As part of its Vision 2030 master plan, Singapore Sports Institute (SSI) is working to develop homegrown athletes and coaches, and to make Singapore a force on the global sporting stage. Competing at the biggest sporting events means harnessing the power of data, and to achieve that requires the help of robust data analytics. With Tableau, SSI established an intuitive and user-friendly data ecosystem for decision-making across multiple stakeholders. Today, SSI uses Tableau to analyze performance from over 70 high-performance athletes across sports including swimming, badminton, and table tennis—helping them effectively train for competitions and forecast success.
The biggest impact that Tableau has had on SSI is the creation of an intuitive and user-friendly ecosystem that has enabled all our stakeholders to be aligned, especially where performance data is concerned.
Unifying data for coaches, sports scientists, physiologists, and nutritionists
Singapore Sports Institute is a statutory board of the Ministry of Culture, Community and Youth (MCCY). The board has a single mission: to inspire and transform Singapore through innovative, fun and meaningful sporting experiences. With its Vision 2030 master plan, SSI hopes to create greater sporting opportunities for Singaporeans and support the development of professional capabilities and standards in coaching.
Learning from professional and amateur sporting organisations across the globe to identify and sharpen details in training regimes using data, the government established the Singapore Sports Institute in 2009, a group that supports the development of Team Singapore athletes as well as the country's sports medicine and sports science industry.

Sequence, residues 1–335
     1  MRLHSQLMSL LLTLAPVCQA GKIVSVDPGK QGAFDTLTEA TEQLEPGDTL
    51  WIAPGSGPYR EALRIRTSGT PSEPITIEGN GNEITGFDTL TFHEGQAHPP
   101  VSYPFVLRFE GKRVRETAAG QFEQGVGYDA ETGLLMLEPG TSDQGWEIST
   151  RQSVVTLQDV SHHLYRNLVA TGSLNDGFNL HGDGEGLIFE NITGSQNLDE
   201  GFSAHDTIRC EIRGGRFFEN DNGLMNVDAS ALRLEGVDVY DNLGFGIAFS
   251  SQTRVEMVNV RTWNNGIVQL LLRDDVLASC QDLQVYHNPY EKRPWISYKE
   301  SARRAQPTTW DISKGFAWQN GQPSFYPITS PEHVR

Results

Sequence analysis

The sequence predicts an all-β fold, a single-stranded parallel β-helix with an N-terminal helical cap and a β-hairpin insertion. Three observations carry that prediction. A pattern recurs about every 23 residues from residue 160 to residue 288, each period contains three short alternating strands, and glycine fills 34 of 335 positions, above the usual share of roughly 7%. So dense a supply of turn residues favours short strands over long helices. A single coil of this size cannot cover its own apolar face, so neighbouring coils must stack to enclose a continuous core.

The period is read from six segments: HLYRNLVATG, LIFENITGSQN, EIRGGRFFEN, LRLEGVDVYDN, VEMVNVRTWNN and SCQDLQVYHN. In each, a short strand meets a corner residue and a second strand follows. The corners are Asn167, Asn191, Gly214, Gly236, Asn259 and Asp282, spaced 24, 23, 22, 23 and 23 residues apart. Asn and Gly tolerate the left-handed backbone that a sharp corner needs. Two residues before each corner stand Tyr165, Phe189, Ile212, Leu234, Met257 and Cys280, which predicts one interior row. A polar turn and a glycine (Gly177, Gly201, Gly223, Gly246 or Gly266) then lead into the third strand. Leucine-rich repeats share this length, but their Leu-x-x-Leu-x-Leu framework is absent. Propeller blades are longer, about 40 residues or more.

Performing at the very top level in athletics boils down to the minute details in the preparation and planning stages. As such, to predict favourable outcomes for the games, SSI collects high performance sports data from the national athletes.
Benoit Ammann, Deputy Director of SSI, explains: “Analysing sports data is both an art and a science. The science is in analysing the data collected, and the art is in the application of this data to each athlete’s training plans.”
However, before a business intelligence solution was implemented, data analysis at SSI was far from standard protocol.
Different stakeholders like coaches, sports scientists, physiologists, and nutritionists kept their own records of individual athletes, and would manually key and analyse data on Microsoft Excel spreadsheets. This resulted in a high degree of variation and inaccuracies, as each party had different ways of gathering, interpreting and using data.
“The data is not really very powerful unless you share it,” says Mr Ammann. He explains that, despite adopting the correct approach and direction to support the athletes, these stakeholders often overlook the correlation between their individual decisions and the desired overall outcome.
“If you change something in an athlete’s diet, for example, how does that impact their psychology, their sleeping patterns, or their peak performance?” Mr Ammann describes that changes in any of these variables, along with data inconsistencies, can make it challenging to effect quick and informed decisions on athletes' training plans.
Performance data from SSI is critical in SSI’s selection of the athletes who represent the nation at major sport events, such as the Olympics. Prior to establishing such a system, the process of selecting athletes for Team Singapore was time-consuming and prone to errors. It was based on manual calculations of multiple variables, without necessarily giving more weight to certain variables that have a statistically significant impact on peak performance.
My first encounter with Tableau was when I was working with other sports institutes who were already using Tableau. The success of these teams and the fact that they have been using it to analyse their data, affirmed our decision to adopt Tableau.